Saturday, 23 July 2011

Battle of Panion 200BC.

Or was it 198 BC, nobody knows. Regardless here is our paltrey attempt to recreate a pivotal moment of Hellenistic history using our own bastardized WAB rules; Mr. Paul Ireland takes the part of Scopas, Ptolemy V's Strategos; I have the dubious honour of stepping into the shoes of Antiochus III.
The forces lined up as follows:

The Ptolemaic right wing with General Scopas, two units of light cavalry, a unit of peltasts in open order, thureophoroi & Aetolian hoplites screened by slingers and archers.
Facing them; Dahae horse archers, Politikoi cavalry, thorakites & thureophoroi screened to the front with archers. The arab levy lurks to one side in the broken ground & an elephant waits in reserve on the hill.

In the centre the Ptolemaic phalanx , Galatians and two African elephants face the Seleucid phalanx flanked by two Indian elephants.

On the left flank two units of Companions face the newly minted Seleucid cataphract arm.

The Seleucid King Antiochus opens the battle by leading his Hetairoi in a charge against the Ptolemaic companions, the Agema cataphracts close up in support. This results in a temporary stalemate as both sides fail to inflict casualties.
In the centre the Seleucid phalanx begins a slow grind forward in line oblique.
A tentative advance onto the hillside occurs on the far wing.

The General Scopas responds with a general advance and a charge of companions into the Seleucid Agema, this too results in stalemate.

 In a pivotal moment, the Seleucid heavies rout both units of Companions facing them leaving the Ptolmeic centre hanging in the wind.
Meanwhile over on the other flank the Ptolemaic lights skirmish tentatively forward taking casualties from the horse archers Parthian shot.
The Seleucid King and his Hetairoi follow up their destruction of the Ptolemaic horse with a successful charge into the flank of the phalanx, but with their blown horses cannot follow up quickly enough to destroy it.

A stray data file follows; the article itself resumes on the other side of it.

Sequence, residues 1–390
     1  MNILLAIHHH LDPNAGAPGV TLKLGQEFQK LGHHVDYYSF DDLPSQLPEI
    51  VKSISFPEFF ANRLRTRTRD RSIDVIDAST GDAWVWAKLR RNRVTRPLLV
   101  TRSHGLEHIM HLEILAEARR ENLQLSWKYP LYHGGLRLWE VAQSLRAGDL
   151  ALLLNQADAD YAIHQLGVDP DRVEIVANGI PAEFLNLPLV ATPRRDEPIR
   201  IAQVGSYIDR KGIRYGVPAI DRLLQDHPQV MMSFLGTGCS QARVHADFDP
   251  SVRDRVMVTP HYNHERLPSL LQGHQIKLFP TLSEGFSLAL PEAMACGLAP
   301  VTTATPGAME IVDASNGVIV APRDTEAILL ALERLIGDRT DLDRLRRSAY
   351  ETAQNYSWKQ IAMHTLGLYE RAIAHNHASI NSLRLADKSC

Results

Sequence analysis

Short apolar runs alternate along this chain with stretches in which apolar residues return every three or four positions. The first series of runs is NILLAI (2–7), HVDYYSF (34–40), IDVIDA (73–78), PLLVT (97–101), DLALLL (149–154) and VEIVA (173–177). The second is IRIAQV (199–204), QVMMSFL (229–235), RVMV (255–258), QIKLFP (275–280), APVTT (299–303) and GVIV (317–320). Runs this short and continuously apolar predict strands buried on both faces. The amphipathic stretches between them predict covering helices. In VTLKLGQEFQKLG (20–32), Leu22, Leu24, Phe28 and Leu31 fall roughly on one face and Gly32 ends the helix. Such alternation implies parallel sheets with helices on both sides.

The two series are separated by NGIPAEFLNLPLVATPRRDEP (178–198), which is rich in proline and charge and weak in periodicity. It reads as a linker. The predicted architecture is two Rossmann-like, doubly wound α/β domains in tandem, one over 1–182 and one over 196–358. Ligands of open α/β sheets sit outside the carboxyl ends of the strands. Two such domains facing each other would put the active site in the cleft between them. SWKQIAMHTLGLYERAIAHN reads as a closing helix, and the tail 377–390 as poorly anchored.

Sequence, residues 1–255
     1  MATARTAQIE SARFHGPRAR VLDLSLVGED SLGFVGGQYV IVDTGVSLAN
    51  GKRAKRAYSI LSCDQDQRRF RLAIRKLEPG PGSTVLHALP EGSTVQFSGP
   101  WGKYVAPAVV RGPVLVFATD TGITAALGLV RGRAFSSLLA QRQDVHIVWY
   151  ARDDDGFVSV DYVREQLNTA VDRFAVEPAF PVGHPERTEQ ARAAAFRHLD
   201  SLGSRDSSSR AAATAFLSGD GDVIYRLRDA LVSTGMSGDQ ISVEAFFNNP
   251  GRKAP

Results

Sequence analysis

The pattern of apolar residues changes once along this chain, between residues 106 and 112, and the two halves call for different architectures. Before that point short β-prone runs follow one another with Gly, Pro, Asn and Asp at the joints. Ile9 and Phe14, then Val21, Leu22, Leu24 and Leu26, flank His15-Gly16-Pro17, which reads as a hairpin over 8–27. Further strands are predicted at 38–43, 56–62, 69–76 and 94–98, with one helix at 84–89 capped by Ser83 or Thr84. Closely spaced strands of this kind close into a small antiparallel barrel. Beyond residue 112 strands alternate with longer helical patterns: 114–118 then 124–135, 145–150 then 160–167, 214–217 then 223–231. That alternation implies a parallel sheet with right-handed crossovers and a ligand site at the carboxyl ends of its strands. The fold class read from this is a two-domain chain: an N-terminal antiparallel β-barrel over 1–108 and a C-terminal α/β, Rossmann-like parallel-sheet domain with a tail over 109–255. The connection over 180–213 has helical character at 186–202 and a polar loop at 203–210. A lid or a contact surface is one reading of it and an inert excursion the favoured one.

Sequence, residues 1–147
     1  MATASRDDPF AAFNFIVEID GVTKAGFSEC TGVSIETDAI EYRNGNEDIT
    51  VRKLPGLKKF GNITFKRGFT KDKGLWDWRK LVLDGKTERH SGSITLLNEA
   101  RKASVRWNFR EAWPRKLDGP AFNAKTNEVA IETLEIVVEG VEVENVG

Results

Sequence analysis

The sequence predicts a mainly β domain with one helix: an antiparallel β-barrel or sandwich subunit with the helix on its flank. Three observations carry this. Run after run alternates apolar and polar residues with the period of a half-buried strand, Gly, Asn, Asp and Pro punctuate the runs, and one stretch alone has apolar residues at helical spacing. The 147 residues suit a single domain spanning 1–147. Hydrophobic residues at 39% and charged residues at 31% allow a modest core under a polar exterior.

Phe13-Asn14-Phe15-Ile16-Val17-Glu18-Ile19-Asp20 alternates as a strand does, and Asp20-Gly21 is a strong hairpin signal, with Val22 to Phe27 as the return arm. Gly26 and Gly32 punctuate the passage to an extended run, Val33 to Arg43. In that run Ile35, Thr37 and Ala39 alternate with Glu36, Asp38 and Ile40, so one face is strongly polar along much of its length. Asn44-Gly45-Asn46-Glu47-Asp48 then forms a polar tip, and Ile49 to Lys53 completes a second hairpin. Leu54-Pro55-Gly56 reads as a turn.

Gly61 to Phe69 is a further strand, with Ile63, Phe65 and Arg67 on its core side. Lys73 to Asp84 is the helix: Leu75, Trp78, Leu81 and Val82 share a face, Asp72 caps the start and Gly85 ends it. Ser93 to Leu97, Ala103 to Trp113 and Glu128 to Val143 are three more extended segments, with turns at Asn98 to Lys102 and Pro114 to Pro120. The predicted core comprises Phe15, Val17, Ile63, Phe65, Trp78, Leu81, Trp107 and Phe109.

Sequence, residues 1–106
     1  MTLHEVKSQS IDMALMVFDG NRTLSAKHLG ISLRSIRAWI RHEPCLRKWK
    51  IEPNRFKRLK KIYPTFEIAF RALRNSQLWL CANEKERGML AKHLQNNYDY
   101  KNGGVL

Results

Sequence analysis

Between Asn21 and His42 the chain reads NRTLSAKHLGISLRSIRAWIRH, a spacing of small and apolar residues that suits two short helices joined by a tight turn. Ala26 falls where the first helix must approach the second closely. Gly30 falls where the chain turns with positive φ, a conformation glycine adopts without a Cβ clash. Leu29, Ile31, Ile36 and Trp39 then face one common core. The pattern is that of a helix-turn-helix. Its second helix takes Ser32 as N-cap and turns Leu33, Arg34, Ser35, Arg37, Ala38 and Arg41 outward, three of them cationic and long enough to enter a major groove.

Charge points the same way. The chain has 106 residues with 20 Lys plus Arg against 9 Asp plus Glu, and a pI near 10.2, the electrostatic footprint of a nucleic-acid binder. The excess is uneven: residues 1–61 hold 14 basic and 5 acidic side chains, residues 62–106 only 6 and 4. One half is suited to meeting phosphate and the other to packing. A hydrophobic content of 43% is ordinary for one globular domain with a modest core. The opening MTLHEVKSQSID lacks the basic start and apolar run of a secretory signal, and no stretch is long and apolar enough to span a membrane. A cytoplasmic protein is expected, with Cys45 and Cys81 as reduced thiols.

The action on the other flank is less decisive as the river crossing slows down the light cavalry. Skirmishing continues in the broken ground and the Seleucid Thorakites occupy the hill.

The Seleucid cavalry continue to play havoc with the Ptolemaic centre rolling up the flanks of the phalanx assisted by the one Elephant. Scopas's Elephants arrive in support of his crumbling troops.
 On this wing two charges from the light horse break the Seleucid forces on the hill but crucially depleting their own numbers in the process. A charge from the Galatians ruined a unit of Persian Archers, their follow up into the Arab levy was a disaster as they are swept away in turn.

Having broken another pike phalanx Antiochus continues his blitzkrieg across the board leaving his own phalanx & elephant to deal with their opponents, Ptolemaic elephants hold the other cavalry units in check in the lee of Mount Hermon.

 Antiochus arrives on the flank of the Aetolian hoplites and promptly breaks them too.

In another crucial moment the Ptolemaic elephants crush the Seleucid cataphracts & rout the Agema, in the phalanx fight the remaining phalanx come within an ace of breaking the Seleucid line, however they in turn break in the next combat and the battle is lost.

And thats where we finished. The only intact Ptolemaic units being the elephants, and the remnants of the right wing. I've probably omitted a lot of the finer points of detail but in essence we returned a fairly historical result. Each side had a successful right wing and in the centre the Seleucid cavalry rolled up the Ptolemaic phalanx.
It may seem a little one sided but there were points where the result could have been very different, if Paul's right wing could have got into action a little quicker he could have put pressure on my left wing and opened up the flank for exploitation. This would have been particularly serious if his Galatians had broken through the Arab levy, as I expected them to.
In the phalanx clash he came close to breaking my centre, winning the combat by a good margin only to be thwarted by a good break test on my part.
The fight of the heavy cavalry early on was the real killer though, cataphract armour & barding really do make it difficult for wounds to stick.
In the end a good day was had by both of us so all the early mornings and late nights preparing paid off.

Thursday, 21 July 2011

Panion, 1st Terrain Board Complete.

Finished the first half of the 8x4 ft Panion battlefield this evening:

 Both views are looking from the Ptolmeic right wing of the battlefield across the Banias stream toward the Tel Azzaziyat hill in the centre and the Tel Fakhir on the far baseline.
All the groundworks have been laid on the second board, once the florists resin water has set tomorrow evening a final flock & drybrush will take place and we're all set to go for Saturdays refight. That at least is the plan.